There are also a few noticeable convenient plot moments that stretch logical reasoning — even by MK standards — to push the story along. Some of the previously mentioned exposition can also be pretty heavy-handed and slow the pacing down.
All of those issues are offset by a proper film-level presentation. Barring a couple of minor characters, so much of the voice acting and character performances are fantastic. The cinematography is also phenomenal, with plenty of fun and gorgeous shots. Best of all, the cinematic fight scenes are a huge improvement compared to the last entry, and I truly felt like I was watching what a bona fide Mortal Kombat movie should be.
The story itself is also simply a lot of fun. It’s awesome to see new takes on familiar characters or to watch them develop into who we expect them to be. I’ll also say that as someone who grew up with the sometimes lesser-appreciated 3D era of the series, it is incredibly satisfying to see so many characters and references to those games within the story mode.
Outside of the campaign and the classic character towers, which feature arcade-like endings, the new single-player mode to be introduced is Invasions. Fans will recognize it as incorporating elements from both The Krypt and the Towers of Time modes, albeit with a board game map and lite-RPG elements. It’s expected to be updated on a seasonal basis and revolve around a character invading from a different timeline.
Unfortunately, the novelty wears off pretty quickly. A somewhat complicated elemental type system and an array of talismans and relics to equip don’t shake things up enough. I’ve always enjoyed the wacky gimmicks that these sorts of modes have had, but some of the gimmicks here fall more on the annoying side. Covering the stage in smoke that interrupts all actions every few seconds isn’t very fun. Turning the entire screen black is even worse.
I think my biggest issue is simply with how slow and monotonous it all feels. Any slightly annoying gimmick is amplified by enemies having super armor and increasingly bigger health pools. Even outside of fighting, it’s simply not fun watching your character slowly jog from node to node on a board. I like the idea and themes behind it, but I dread the idea of playing it more once a new season is out.
Online is regrettably mixed. The Kasual and King of the Hill modes work fine enough, although the occasional bug sours the experience. Kombat League has fared a little worse for me, as I’ve had a bit more bugs and disconnects there. Making matters worse is that a set is a best three-out-of-five system, so you’ll be stuck dealing with any bad connection matches for quite a bit.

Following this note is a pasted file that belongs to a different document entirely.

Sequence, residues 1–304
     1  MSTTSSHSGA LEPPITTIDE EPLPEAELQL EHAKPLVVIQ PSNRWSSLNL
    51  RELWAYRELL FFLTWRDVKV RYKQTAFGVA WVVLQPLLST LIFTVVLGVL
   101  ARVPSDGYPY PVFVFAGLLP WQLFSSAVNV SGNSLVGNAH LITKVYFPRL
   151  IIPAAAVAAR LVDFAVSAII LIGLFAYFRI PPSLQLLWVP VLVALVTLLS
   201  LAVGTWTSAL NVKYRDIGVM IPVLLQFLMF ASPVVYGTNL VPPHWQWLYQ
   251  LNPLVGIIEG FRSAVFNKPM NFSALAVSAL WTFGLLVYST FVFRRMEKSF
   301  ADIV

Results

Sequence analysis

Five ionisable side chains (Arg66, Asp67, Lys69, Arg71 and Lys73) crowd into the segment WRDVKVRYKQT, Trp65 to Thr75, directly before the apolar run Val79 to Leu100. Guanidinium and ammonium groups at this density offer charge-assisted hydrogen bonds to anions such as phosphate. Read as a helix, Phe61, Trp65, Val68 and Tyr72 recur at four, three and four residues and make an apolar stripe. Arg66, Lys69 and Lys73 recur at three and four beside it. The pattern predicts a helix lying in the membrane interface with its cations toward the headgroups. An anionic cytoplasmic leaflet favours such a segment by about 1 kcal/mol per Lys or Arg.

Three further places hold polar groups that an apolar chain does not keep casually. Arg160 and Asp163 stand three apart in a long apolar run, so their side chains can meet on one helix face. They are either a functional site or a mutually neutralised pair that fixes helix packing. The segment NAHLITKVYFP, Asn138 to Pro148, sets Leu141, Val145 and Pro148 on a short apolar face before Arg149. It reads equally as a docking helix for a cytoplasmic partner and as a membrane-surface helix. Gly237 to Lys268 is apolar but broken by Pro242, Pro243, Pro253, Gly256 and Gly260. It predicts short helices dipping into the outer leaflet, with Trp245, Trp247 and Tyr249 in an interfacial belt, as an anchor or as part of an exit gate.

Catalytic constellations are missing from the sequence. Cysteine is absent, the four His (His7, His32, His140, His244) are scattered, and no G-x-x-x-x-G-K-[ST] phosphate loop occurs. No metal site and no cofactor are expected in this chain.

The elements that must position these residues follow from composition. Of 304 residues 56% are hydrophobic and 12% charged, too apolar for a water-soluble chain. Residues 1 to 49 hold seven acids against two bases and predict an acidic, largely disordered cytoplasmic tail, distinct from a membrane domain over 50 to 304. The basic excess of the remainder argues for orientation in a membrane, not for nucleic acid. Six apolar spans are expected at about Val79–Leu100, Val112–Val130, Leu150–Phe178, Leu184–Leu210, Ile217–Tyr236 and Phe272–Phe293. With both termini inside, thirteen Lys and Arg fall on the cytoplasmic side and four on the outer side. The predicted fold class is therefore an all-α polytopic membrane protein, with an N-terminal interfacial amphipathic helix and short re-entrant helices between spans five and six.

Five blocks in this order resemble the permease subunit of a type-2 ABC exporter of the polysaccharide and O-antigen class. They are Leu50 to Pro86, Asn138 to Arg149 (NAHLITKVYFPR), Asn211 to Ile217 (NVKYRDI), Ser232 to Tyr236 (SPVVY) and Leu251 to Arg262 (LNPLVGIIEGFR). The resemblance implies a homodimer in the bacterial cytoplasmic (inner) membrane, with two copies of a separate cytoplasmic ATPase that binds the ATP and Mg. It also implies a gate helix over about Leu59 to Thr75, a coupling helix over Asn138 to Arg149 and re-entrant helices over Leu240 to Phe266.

The lack of crossplay at launch is also disappointing. It’s expected to be added in the future, although we don’t know if it will be full crossplay or as restricted as before.
Aside from fighting other players online, a big draw is to earn gear and customize your fighters. This has also been quite simplified compared to the previous entry, with each fighter having one swappable gear piece and different palettes (skins and colors) to choose from. I think this will come across as a detriment to some. Admittedly, I’m okay with it, as I felt that the previous system was overly detailed at times.
That just leaves the Character Mastery system, which I feel is a great addition. Simply put, you’ll unlock many character-related things the more you play them. Gear, palettes, brutalities, and even fatalities are slowly made available as you play someone more often. It’s a big improvement compared to the grind or luck needed to unlock them in MK11 and a simple way to keep me coming back for more.
Mortal Kombat 1 Review — The Bottom Line
- Refreshing gameplay.
- Gorgeous Visuals.
- Music has personality again.
- A fantastic story campaign.
- Invasions mode is a drag to play.
- Online needs to iron out some bugs.
As someone who wasn’t the biggest fan of Mortal Kombat 11, I’m happy with how much fun I’m having with Mortal Kombat 1. The stages all stand out well, the story mode is a blast, and the characters are as enjoyable as ever. Making this an assist-based fighter with Kameos was a worthy gamble.
Unfortunately, the new single-player mode has quite a few annoying elements, and online play needs some fixing. The good news is that both of these can be tuned and fixed in the future. Even as they are now, I still think this is a fantastic time to jump into the new timeline and crush some literal skulls.
[Note: Warner Bros. Games provided the Xbox Series copy of Mortal Kombat 1 used for this review.]
Mortal Kombat 1 Review: We’re in the Right Timeline
Mortal Kombat 1 isn't a flawless victory, but it feels close to one.What Our Ratings Mean